graphs. A graph is a collection of nodes, with a set of edges connecting the
various nodes. For example, a map can be visualized as a graph, with cities as
nodes and the highways between them as edged between the nodes. Many real-world
problems can be abstractly defined in terms of graphs, thereby making graphs an
often-used data structure.

Finally,
in Part 6 we'll look at data structures to represent sets and disjoint sets. A
set is an unordered collection of items. Disjoint sets are a collection of sets
that have no elements in common with one another. Both sets and disjoint sets
have many uses in everyday programs, which we'll examine in detail in this
final part.

Analyzing
the Performance of Data Structures

When
thinking about a particular application or programming problem, many developers
(myself included) find themselves most interested in writing the algorithm to
tackle the problem at hand, or adding cool features to the application to
enhance the user's experience. Rarely, if ever, will you hear someone excited
about what type of data structure they are using. However, the data structures
used for a particular algorithm can greatly impact its performance. A common
example is finding an element in a data structure. With an array, this process
takes time proportional to the number of elements in the array. With binary
search trees or SkipLists, the time required is sub-linear. When searching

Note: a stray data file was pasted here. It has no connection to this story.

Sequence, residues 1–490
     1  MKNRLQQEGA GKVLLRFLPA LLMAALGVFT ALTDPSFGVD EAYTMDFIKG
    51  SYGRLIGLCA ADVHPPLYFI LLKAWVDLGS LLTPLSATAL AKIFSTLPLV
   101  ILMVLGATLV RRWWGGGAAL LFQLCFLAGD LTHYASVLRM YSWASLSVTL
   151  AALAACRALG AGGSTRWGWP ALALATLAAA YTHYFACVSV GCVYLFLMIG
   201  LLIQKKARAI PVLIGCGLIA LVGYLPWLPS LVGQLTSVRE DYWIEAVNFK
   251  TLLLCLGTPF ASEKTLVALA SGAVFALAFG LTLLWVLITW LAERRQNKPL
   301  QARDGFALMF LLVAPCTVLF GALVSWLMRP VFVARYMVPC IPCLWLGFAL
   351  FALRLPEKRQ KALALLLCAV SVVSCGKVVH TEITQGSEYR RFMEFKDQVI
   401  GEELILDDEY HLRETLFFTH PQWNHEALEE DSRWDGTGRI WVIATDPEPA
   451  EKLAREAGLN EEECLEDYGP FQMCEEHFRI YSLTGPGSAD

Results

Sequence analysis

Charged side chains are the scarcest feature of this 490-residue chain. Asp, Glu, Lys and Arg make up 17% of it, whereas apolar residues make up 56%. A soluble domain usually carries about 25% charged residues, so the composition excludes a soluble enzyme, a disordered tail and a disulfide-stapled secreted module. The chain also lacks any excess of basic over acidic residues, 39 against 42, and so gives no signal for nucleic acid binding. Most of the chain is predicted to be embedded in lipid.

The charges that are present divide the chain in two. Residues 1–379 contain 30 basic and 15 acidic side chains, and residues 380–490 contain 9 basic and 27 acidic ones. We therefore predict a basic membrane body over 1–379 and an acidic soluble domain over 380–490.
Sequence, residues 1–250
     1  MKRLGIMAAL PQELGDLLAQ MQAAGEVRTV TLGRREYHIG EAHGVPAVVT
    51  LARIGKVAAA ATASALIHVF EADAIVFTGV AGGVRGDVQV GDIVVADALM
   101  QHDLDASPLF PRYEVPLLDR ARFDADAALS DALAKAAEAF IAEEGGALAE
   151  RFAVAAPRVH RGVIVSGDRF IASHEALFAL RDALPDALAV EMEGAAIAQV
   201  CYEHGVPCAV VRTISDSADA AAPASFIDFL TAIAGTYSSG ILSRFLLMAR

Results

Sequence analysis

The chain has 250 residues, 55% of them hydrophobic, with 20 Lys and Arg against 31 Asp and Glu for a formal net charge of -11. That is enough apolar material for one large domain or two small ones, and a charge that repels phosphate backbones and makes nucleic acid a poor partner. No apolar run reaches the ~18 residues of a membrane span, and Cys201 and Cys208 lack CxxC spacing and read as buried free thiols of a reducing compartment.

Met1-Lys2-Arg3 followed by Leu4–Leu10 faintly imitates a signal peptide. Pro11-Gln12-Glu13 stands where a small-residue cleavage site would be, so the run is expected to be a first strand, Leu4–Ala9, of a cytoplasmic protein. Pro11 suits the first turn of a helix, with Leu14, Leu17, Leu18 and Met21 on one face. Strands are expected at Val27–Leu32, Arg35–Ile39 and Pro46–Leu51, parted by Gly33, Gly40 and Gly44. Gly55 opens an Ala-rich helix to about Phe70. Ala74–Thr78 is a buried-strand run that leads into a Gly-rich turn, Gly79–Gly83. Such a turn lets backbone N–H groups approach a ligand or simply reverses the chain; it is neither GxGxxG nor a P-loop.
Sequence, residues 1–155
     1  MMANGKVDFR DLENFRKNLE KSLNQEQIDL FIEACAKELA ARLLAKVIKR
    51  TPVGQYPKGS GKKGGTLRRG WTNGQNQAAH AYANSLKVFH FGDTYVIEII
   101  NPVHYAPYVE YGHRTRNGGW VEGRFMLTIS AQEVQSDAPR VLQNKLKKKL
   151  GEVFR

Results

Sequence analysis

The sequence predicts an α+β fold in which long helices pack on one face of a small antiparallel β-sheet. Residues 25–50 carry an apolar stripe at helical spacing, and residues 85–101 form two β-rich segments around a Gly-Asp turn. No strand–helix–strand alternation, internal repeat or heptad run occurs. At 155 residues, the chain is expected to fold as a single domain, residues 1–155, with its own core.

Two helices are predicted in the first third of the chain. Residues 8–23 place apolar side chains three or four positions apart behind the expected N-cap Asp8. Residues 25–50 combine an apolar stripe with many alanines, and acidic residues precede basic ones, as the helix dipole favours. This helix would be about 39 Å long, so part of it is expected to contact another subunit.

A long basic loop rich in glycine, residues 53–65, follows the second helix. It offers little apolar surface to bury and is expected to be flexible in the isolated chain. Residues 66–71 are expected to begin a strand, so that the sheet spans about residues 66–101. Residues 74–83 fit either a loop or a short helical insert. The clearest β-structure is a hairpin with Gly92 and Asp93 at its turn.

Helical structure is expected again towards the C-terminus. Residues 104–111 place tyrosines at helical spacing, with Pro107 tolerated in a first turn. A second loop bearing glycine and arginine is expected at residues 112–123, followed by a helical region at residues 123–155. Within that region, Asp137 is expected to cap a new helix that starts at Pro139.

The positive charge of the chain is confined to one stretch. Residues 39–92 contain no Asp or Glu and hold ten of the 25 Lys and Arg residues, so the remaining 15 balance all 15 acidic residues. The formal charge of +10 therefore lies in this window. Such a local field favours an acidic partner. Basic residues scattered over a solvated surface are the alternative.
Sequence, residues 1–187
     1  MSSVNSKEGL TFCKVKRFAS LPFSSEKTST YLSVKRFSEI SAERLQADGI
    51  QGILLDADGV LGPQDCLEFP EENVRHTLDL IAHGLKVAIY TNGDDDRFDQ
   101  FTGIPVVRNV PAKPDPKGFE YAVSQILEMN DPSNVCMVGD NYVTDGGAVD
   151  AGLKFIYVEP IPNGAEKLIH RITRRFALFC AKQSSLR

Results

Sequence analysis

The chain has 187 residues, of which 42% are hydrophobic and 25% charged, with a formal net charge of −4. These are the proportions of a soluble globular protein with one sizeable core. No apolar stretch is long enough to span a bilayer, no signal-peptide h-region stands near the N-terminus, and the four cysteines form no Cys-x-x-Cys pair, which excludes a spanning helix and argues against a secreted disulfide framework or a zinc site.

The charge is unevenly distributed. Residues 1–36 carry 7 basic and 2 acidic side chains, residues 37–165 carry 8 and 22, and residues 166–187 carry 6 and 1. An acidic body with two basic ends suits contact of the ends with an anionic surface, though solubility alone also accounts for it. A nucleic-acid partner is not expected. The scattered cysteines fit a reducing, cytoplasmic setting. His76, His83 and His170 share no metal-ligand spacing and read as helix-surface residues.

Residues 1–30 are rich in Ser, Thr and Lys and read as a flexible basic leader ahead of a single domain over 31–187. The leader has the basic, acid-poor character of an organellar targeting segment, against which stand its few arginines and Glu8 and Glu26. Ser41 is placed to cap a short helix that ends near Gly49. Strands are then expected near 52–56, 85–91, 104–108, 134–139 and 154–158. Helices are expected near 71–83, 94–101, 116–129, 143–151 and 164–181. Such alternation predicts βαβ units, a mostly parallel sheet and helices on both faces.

large amounts of data, the data structure chosen can make a difference in the
application's performance that can be visibly measured in seconds or even minutes.

Since the
data structure used by an algorithm can greatly affect the algorithm's
performance, it is important that there exists a rigorous method by which to
compare the efficiency of various data structures. What we, as developers
utilizing a data structure, are primarily interested in is how the data
structures performance changes as the amount of data stored increases. That is,
for each new element stored by the data structure, how are the running times of
the data structure's operations effected?

Consider
a scenario in which you have a program that uses the
System.IO.Directory.GetFiles(path) method to return the list of the files in a
specified directory as a string array. Now, imagine that you wanted to search
through the array to determine if an XML file existed in the list of files
(namely one whose extension was .xml). One approach to do this would be to scan
through the array and set some flag once an XML file was encountered. The code
might look like so:

using
System;

using
System.Collections; using System.IO;

public
class MyClass

{

public
static void Main()

{

string []
fs = Directory.GetFiles(@"C:\Inetpub\wwwroot"); bool foundXML =
false;

int i =
0;

for (i =
0; i < fs.Length; i++)

if
(String.Compare(Path.GetExtension(fs[i]), ".xml", true) == 0)

{

foundXML
= true; break;

}

if
(foundXML)

Console.WriteLine("XML file found - " +
fs[i]); else

Console.WriteLine("No
XML files found.");

}

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C# and .NET Framework : C# Concepts for creating Data Structures |